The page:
Markets rallied on Wednesday to leap about 4 percent in a recovery and make for the best day since 2011.» Read More
On Tuesday afternoon stocks were trading near break-even as investors sifted through comments from President Obama on a wide range of issues from energy to health care.
When one in three business leaders are making major decisions with incomplete or untrusted information, it’s not a matter of too little information. When half of them don’t have sufficient information from their organizations to do their jobs, a glaring paradox emerges—information scarcity and abundance existing side by side.
On a week where the US markets continued to stall with all major indexes negative for the week with quadruple witching, bank regulation, a sell off in energy, the markets await the Fed meeting next week closing mixed for the day on Friday.
Investors appear keen on remaining nimble during the last hours of Friday's trade. Will quadruple witching trigger a wild close?
Investors typically look to small cap stocks as the leaders out of a recession. More nimble than their large-cap counterparts, small cap companies are quicker to adapt during both economic downturns and periods of recovery.
At the March 9 bottom, the banks were falling fast and behemoths like Google were at risk of falling out of the Top 20 biggest companies in the S&P 500. Three months later, that has changed significantly.
David Hefty, principal of Cornerstone Wealth Management and Gary Hager, president and founder of Integrated Wealth Management share their investment advice and the best place for viewers to put their money.
Cramer makes the call on viewers' favorite stocks.
Options traders apparently think that Western Digital is headed lower. OptionMonster's tracking systems detected heavy activity in the July 22.50 puts, which changed hands for $0.60 to $0.90 Tuesday morning.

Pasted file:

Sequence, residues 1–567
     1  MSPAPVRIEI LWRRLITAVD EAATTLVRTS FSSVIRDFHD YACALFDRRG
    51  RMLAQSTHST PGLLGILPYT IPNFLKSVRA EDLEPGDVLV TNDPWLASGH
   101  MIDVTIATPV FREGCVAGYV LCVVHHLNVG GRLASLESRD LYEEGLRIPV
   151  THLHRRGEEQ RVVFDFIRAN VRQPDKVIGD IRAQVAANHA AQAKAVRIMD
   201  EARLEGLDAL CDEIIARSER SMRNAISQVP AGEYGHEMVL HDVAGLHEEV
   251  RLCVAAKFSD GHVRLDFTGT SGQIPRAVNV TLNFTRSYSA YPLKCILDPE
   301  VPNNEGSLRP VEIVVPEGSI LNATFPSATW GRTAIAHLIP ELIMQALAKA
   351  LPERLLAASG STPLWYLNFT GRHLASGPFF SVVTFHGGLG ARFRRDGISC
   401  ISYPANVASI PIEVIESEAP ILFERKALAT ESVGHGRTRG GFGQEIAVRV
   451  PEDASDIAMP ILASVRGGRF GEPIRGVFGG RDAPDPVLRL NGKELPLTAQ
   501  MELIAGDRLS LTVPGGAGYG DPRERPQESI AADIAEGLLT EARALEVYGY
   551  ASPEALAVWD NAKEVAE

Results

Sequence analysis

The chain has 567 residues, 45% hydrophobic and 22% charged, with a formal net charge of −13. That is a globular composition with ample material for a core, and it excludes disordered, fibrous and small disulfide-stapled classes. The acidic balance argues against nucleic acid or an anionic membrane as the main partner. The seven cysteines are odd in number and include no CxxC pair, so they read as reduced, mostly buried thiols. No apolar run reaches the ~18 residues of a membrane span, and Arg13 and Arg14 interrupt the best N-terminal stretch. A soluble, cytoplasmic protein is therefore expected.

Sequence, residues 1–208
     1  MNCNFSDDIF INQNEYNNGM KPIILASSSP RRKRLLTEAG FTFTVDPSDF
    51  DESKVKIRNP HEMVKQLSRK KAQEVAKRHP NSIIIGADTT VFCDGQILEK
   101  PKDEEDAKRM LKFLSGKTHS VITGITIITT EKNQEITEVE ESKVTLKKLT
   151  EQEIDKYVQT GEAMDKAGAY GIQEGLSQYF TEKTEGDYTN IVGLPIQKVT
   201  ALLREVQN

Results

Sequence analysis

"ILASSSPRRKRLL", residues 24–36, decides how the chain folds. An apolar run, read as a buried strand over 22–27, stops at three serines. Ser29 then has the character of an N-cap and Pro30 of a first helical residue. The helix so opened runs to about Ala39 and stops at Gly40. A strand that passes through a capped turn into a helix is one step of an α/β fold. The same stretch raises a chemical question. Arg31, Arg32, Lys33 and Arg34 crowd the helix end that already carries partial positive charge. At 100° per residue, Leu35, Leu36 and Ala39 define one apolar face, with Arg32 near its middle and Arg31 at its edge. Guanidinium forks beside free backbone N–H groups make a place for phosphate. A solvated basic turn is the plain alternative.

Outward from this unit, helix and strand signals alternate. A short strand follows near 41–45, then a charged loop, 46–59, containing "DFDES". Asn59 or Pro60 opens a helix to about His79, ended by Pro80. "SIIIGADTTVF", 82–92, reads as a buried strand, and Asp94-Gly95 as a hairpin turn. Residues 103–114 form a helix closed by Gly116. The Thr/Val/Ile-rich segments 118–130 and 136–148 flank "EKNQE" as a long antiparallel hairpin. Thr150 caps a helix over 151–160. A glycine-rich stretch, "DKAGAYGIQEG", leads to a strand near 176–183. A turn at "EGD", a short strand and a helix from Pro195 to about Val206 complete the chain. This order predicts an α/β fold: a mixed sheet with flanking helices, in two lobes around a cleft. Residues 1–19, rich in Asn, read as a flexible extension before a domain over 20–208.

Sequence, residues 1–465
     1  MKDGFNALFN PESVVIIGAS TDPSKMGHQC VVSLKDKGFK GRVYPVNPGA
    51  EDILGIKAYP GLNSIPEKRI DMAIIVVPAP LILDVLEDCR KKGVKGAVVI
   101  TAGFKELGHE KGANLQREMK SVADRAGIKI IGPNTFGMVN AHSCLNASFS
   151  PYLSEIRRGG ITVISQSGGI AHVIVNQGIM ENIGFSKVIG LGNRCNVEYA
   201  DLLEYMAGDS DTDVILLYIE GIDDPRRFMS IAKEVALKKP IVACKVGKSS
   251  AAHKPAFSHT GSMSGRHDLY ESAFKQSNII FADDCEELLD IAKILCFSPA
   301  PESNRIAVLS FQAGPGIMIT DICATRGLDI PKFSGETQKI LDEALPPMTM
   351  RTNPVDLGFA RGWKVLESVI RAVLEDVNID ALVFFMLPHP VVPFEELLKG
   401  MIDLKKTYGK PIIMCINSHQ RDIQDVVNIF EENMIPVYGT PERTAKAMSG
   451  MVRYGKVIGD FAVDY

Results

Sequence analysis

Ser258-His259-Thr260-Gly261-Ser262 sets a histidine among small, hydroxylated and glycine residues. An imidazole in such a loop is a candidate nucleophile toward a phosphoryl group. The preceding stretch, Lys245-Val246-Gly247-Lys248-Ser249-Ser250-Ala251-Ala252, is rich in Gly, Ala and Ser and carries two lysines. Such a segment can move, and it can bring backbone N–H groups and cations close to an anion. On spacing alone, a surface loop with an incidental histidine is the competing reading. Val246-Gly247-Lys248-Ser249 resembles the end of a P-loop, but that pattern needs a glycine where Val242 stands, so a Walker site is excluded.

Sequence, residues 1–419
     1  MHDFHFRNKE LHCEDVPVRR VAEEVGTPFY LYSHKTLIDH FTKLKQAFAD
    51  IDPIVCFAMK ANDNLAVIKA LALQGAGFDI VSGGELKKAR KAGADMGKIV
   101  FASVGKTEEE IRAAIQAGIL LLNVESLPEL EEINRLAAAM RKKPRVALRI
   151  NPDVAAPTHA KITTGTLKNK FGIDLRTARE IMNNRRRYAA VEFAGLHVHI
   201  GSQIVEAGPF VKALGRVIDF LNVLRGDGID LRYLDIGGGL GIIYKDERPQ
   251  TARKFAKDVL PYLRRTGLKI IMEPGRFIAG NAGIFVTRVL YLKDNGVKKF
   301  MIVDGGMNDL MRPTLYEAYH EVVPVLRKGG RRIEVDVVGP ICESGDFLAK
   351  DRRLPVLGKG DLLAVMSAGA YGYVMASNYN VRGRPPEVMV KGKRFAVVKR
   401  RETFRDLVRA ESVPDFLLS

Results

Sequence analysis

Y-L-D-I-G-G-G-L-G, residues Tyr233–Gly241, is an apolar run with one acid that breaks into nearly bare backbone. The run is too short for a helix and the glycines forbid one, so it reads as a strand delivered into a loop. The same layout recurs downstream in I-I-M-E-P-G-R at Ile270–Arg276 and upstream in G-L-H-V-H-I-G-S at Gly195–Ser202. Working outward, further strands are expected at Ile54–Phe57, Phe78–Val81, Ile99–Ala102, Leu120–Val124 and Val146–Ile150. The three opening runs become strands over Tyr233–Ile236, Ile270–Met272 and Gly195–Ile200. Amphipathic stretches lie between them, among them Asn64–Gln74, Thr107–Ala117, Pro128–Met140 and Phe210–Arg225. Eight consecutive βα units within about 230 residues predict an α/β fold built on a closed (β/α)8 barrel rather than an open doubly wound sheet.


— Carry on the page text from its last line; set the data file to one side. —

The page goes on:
Finding it tough to navigate this sideways market? Let Oppenheimer’s Carter Worth lead you through the storm.
On a week where oil topped $73 per barrel for the first time in 8 months before receding on Friday, treasury auctions moved the equity market, and GM and Citi were replaced in the Dow, the markets are flat to positive on the week, but the Dow manages to go positive year-to-date.
Market momentum is slowing but it’s clearly still upward, said John Wilson, chief technical strategist at Morgan Keegan.
Stocks racked up gains across a wide range of sectors on Thursday, boosted by rising commodity prices, improving labor market conditions, and a pullback in Treasury yields.
We’re likely going to get a market correction, said Rob Morgan, market strategist at Clermont Wealth Strategies and Sam Stovall, chief investment strategist at Standard & Poor’s.
Doug De Groote, managing director of United Wealth Management, and Roy Williams, CEO of Prestige Wealth Management, shared their market views and investor advice.
Today, Cisco and Travelers replaced Citigroup and GM on the Dow. Here is a look back at the previous 10 changes to the Dow and what happened to the benchmark in the days leading up to and following the change.
With stocks rallying for over 3 months now, dividend yields continue to fall back to Earth. Today, two new components join the Dow, one with a dividend and one without. See how the 30 companies in the Dow compare.
All major US indices finished in the black for the week, marking three weeks of consecutive gains, as improving economic data released this week boosted investors hopes of a recovery.
Managing directors Jim Awad of Zephyr Management and Phil Dow of RBC Wealth Management shared the best places for investors to put their money.
Investors may have missed the big market rally, but there is still room to buy, said Scott Billeadeau, managing director of Fifth Third Asset Management and Larry Kantor, head of research at Barclays Capital.